NAIROBI, Kenya, Jun 3 – Kenya Breweries Limited has petitioned the National Treasury to delete the proposed reduction on excise duty remission from 80 percent to 60 percent.
In a letter addressed to the Ministry’s Cabinet Secretary Ukur Yatani, KBL wants Treasury to let the excise duty remain unchanged, as per the current legal notice 52 of 2017.
KBL Managing Director Jane Karuku said the proposal to reduce excise duty remission has a net negative impact of Sh16.5 billion annually to the keg value chain.
Karuku said it will also lead to total direct job losses of over 150,000.
The losses, according to Karuku, exclude the impact of Covid-19, which has seen the 100 percent collapse of the Keg beer trade, with massive losses in revenue for both government and KBL.
“With the reduction in remission to 60 percent post Covid-19, we estimate the demand for Keg beer, which is made exclusively from Sorghum grain, will drop by 84 percent, from pre Covid-19 FY 2019/20 annual projection of 3.7million hectolitres to a post covid-19 FY2020/21 volume of 0.6 million hectolitres. The reduction will be due to excise-driven increase in the price of a single 300ml serve of Keg beer by 35 percent of Sh10 from an effective consumer price of Sh28.50 to Sh38.50.”
The company says in addition, the levels of illicit have been much higher than the pre-Covid levels of 44 percent with the closure of bars and no take away keg beer alternative.
“We understand the need for government to recoup some of the loss in revenue due to tax measures taken by cushion Kenyans from the economic losses from covid-19 pandemic. However, this measure will be more costly to all stakeholders without any commensurate benefits to any of them. Therefore, we submit that this proposal be deleted,” the Managing Director said.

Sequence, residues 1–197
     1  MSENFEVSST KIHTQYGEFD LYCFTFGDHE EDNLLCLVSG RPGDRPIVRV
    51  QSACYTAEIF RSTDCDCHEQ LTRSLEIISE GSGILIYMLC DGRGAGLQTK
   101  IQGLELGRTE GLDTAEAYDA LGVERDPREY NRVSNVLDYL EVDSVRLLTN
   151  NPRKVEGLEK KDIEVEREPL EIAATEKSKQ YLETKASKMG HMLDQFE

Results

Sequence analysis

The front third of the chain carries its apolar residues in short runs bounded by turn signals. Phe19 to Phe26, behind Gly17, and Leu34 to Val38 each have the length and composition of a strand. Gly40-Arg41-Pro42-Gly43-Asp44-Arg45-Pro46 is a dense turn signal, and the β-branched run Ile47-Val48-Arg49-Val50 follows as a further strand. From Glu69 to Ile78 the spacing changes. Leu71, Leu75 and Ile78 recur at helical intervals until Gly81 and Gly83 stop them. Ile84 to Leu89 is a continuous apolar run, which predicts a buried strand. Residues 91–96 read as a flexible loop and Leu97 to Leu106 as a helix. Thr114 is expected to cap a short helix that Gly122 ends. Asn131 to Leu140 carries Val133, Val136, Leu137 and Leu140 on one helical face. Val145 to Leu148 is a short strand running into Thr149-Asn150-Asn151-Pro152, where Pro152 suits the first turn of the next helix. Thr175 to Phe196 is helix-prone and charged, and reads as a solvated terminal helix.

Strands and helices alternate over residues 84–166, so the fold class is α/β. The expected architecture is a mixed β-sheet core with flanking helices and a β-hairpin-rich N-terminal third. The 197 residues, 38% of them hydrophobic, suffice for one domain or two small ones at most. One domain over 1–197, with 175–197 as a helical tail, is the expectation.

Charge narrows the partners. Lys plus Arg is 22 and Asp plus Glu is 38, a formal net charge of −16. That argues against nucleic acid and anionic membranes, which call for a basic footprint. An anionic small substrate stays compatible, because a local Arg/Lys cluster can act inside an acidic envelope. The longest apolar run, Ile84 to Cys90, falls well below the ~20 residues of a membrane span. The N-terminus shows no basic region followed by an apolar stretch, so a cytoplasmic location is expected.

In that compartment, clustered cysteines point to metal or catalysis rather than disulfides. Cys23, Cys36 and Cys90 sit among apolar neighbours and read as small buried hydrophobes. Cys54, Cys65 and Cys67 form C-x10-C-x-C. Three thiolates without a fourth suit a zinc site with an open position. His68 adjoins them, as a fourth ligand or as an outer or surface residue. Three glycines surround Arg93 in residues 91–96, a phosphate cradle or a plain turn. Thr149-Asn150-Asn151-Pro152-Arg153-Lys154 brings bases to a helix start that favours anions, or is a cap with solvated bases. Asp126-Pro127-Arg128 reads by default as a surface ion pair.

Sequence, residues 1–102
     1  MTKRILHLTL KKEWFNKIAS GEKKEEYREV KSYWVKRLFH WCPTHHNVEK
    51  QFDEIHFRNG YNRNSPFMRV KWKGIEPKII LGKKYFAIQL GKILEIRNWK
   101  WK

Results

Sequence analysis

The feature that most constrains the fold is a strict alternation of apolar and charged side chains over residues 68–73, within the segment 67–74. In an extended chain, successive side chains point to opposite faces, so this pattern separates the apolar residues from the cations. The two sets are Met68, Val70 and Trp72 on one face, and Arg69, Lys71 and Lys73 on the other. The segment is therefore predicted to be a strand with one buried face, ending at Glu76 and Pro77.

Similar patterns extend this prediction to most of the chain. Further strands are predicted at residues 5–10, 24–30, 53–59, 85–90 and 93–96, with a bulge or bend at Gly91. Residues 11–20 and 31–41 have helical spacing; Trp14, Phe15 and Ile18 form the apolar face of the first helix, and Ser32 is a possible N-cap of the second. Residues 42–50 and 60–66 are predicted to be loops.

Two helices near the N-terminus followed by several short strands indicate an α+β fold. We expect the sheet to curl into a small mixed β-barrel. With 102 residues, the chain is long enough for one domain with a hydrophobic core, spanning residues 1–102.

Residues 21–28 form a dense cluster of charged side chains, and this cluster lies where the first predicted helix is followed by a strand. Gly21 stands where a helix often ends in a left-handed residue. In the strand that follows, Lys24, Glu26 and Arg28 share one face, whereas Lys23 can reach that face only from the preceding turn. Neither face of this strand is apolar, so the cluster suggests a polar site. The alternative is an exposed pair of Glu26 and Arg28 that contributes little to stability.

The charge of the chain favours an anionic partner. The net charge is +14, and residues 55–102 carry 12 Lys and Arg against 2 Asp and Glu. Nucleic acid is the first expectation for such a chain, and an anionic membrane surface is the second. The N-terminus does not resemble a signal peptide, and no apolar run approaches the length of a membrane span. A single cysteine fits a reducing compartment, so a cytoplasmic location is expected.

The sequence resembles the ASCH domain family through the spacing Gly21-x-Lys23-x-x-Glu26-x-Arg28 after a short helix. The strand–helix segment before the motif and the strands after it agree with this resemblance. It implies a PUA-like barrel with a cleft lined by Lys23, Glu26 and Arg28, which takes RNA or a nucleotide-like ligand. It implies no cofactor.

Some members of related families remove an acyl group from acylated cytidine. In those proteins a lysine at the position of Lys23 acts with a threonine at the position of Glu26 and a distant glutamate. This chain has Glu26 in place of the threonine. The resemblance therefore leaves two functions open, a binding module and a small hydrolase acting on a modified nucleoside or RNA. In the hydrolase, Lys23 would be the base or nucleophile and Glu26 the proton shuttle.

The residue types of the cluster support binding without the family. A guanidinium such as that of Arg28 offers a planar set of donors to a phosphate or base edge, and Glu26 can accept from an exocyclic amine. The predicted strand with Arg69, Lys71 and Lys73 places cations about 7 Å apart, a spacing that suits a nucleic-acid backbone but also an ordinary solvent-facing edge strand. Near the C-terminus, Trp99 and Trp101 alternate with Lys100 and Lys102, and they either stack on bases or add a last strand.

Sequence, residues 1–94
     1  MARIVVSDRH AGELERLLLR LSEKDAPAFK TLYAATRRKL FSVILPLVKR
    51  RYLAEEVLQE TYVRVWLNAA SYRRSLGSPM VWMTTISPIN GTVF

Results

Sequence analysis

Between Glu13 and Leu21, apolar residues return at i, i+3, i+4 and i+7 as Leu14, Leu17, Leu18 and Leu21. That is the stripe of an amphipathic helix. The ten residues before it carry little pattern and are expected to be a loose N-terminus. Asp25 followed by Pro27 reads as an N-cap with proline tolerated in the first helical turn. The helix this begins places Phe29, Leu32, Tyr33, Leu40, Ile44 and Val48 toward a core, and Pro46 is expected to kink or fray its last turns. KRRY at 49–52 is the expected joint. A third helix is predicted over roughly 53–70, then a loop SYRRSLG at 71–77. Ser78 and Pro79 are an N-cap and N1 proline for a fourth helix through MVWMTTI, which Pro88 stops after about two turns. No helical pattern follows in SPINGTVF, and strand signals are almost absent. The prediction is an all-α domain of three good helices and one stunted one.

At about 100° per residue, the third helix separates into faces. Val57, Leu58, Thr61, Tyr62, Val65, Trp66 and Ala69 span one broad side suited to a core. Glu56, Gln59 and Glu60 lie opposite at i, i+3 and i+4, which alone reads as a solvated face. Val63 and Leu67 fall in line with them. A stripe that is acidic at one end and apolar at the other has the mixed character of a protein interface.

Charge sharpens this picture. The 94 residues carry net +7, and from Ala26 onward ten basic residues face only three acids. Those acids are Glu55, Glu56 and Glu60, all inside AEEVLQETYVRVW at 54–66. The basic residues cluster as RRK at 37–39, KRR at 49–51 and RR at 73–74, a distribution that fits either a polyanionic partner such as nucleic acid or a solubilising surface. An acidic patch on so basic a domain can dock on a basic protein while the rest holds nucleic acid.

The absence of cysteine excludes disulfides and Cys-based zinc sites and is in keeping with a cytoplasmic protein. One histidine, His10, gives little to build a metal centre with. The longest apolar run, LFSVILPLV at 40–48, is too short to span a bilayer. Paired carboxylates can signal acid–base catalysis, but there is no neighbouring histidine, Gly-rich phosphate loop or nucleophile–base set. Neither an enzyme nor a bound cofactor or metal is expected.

KBL’s Sh14 billion Keg plant in Kisumu remains closed since 23rd March 2020 due to closure of bars and the fact that Keg has no take home option.
According to the company this has led to 100 percent collapse of the Keg value chain with increase rate of unemployment among women and hundreds of thousands of youth who benefit from it.
The impact of the collapse has been manifested in the unprecedented increased incidents of illicit brew consumption.
Additionall, Karuku said this will only get worse with excise-led increased Keg beer prices once bars are reopened since low income consumers who survive on daily wage and look for alternative to informal sources of alcohol are severely affect. She added that some have resulted to consumption of illicit brew and surrogate alternatives such as hand sanitisers.
Treasury slashed the remission of excise duty targeting beer made from sorghum, millet, cassava or any other product made in Kenya from 80 percent to 60 percent.
On 29th May 2020, the National Treasury and Planning posted an online public notice, inviting comments on the draft Excise Duty (Remission of Excise Duty) (Amendment) Regulations, 2020.
The regulation is proposing to amend Regulation 2 of the Excise Duty (Remission of Excise Duty) Regulations, 2017 as follows: – “deleting the words “eighty percent” appearing in paragraph (1) and substituting therefore the words “sixty percent”.